In the trenches of Digital Transformation

Over the last couple of years I have been involved in several digital transformation activities as part of the Pollen Street Hub support for portfolio companies, across Lending, Payments, FX, Insurance, Wealth Management and Business Services sectors. As a PE fund we (arguably) have the privilege to be much more focused on delivery and getting things done without the bureaucracy, politics and other cultural blockers many FIs face. Therefore, I thought that our experience could provide a useful reference as to what’s actually happening in the digital transformation trenches.

Giving your customer an umbrella when it rains
Financial services, as many other industries, are changing at an unprecedented pace, with a stronger focus on customer centricity and erosion of transactional business models. While there are different drivers to those tectonic changes, these come down to the confluence of two mega factors:

  • Clear shift from utility to distribution and customer ownership — this is truer than ever in the post CV19 world, where customers choose brands that manifest empathy, deeper understanding of the customer and real value exchange
  • Tech commoditisation — technologies become increasingly cheaper, more reliable, easier to adopt/ change, and generate faster/ higher return on investment

The direct and immediate impact of these two factors is a 180 degrees turn in the way financial service providers think about products and customers — i.e., starting with customer needs and walking backward. By way of example, giving a mortgage is different from helping a customer buying a house. Very different. And requires seeing the customer and assess the business proposition through a different lens. It also requires a significantly different mindset and set of capabilities in the business.

As a sector specialist, we see and experience those changes on a daily basis. Beyond the challenges and risk, we see a strategic opportunity to transform and grow businesses that are smarter, better aligned with customers best interest, and ultimately more sustainable. That required us to develop a new set of capabilities and disciplines across the fund, that would allow us to systematically transform and support the businesses we buy and create higher value via strategic digitisation programs (SDP) and intervention model, as illustrated in the following diagram:

sdpgraph.png

CEOs, and all the rest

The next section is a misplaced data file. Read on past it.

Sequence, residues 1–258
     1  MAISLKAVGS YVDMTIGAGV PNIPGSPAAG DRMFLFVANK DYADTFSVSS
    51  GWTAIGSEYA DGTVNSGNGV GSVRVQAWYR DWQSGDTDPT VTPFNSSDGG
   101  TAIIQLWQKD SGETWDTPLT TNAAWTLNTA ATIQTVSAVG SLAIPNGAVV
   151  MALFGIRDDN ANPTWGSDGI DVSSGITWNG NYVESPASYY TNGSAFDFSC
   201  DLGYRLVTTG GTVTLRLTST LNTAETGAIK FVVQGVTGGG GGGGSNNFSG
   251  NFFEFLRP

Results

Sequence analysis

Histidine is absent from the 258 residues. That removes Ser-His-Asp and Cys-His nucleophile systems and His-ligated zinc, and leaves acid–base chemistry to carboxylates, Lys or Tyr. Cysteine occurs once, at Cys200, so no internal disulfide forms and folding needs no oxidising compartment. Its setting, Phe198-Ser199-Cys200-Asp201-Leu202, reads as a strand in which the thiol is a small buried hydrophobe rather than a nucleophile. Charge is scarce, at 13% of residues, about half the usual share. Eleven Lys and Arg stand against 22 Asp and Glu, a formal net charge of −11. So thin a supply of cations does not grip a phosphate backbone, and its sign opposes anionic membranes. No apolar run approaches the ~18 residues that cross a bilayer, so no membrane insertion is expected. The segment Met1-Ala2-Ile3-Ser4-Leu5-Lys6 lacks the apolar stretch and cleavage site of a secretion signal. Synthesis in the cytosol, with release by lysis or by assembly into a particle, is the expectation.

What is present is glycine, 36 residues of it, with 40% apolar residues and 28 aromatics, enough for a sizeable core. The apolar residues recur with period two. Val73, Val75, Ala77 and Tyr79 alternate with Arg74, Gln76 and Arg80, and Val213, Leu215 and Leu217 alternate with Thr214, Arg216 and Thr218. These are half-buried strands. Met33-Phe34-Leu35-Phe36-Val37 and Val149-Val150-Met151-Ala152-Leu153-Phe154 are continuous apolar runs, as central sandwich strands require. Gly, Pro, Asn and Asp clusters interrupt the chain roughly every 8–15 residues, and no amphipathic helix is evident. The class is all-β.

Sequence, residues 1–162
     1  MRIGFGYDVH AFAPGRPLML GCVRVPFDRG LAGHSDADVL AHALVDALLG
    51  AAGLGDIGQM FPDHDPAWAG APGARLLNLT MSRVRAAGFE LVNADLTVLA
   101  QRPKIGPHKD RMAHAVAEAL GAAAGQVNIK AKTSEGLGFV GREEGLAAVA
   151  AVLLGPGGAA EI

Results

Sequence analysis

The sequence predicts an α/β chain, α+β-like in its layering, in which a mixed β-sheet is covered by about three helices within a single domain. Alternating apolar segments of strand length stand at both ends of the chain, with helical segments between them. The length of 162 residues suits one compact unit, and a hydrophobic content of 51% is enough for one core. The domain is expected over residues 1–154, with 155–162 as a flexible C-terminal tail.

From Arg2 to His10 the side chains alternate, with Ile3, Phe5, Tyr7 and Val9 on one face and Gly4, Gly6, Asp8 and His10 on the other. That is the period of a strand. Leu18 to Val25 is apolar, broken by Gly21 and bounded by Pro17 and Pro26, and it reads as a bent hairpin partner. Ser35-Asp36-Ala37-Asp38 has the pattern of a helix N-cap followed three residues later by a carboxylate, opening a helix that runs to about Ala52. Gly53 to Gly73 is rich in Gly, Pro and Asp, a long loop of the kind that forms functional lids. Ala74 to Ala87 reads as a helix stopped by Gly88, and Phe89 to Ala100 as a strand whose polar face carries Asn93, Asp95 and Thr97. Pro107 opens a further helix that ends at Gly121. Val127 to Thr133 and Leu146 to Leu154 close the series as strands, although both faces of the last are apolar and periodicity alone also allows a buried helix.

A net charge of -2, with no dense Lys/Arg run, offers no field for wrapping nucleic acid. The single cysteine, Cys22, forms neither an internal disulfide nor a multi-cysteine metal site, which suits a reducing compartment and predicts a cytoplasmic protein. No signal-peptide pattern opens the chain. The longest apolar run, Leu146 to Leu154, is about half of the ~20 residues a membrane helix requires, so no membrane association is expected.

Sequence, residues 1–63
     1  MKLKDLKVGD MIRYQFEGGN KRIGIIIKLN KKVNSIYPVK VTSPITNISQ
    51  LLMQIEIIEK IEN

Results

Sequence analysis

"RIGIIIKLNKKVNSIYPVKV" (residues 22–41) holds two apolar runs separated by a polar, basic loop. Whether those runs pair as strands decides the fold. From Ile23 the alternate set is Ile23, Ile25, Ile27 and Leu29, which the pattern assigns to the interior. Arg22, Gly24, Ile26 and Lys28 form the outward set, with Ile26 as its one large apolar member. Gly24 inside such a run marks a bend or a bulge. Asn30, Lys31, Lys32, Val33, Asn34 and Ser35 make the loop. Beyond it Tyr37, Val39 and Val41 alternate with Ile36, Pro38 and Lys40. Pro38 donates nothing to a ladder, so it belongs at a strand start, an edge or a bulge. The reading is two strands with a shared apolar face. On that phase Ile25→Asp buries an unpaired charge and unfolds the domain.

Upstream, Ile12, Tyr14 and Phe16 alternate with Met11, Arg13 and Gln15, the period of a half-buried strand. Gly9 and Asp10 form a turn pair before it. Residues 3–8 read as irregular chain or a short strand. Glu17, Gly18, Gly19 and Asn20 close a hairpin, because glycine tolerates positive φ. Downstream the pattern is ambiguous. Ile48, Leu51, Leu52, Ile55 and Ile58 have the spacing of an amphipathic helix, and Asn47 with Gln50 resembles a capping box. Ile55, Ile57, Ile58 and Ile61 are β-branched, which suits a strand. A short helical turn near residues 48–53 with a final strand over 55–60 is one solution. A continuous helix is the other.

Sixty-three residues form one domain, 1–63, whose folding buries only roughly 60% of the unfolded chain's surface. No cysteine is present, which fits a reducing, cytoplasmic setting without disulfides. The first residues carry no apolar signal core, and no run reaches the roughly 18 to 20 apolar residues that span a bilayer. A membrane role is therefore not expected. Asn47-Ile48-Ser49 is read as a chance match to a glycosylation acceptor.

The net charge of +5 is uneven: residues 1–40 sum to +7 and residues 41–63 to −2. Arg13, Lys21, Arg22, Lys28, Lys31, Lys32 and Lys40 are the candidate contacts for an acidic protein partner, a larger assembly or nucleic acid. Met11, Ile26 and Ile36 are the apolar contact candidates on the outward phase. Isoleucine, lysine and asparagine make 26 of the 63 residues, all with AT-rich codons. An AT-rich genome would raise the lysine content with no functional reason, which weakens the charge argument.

Digital transformation is similar to replacing a propeller engine with a jet engine while flying at 40,000 Feet. As a ‘business rewiring’ process that crystallises the What, and challenges every possible aspect of the How, success is mostly dependent on the business’ ability to adjust and change. And this can happen only if it comes from the top, or more precisely, from the CEO.

Digital Transformation spans the whole organisation. Having established it, CEOs need to ensure they keep themselves and their executive team surgically aligned on the end vision. Competing priorities, internal politics and the day to day background noise that all executives deal with can easily derail a complex transformation. In a regulatory-driven industry, which DNA is programmed to play safe and “not break anything”, digital transformation and (post transformation, on a BAU basis) a “change is the only constant” mindset are both significantly more challenging to execute than in other industries.

Simply put, the binary variable to digital transformation is the CEO. Not CTOs, CIOs or CDOs. CEOs. CEOs with the right vision and commitment/ ability to lead, drive and empower change will make it happen. The rest won’t. Moreover — CEOs should draw the digital vision with the support of the Board, and let the CT/I/DOs build. It doesn’t require a PhD in rocket science, but rather to understand what technology can do, its impact on production, and the role it plays in the way customers consume products and services, and how they engage with the business.

Soul searching
Digital Transformation is a refinement process, and some would argue a soul-searching exercise, the ultimate goal/ outcome of which would be to properly identify, and then digitally empower the business’ value-add, and automate all the rest. Simply put, it’s an exercise that requires the business to challenge core assumptions/ beliefs about its right to exist, rethink and (re)position its place in the (digital) value chain — and doing so by answering two principle questions: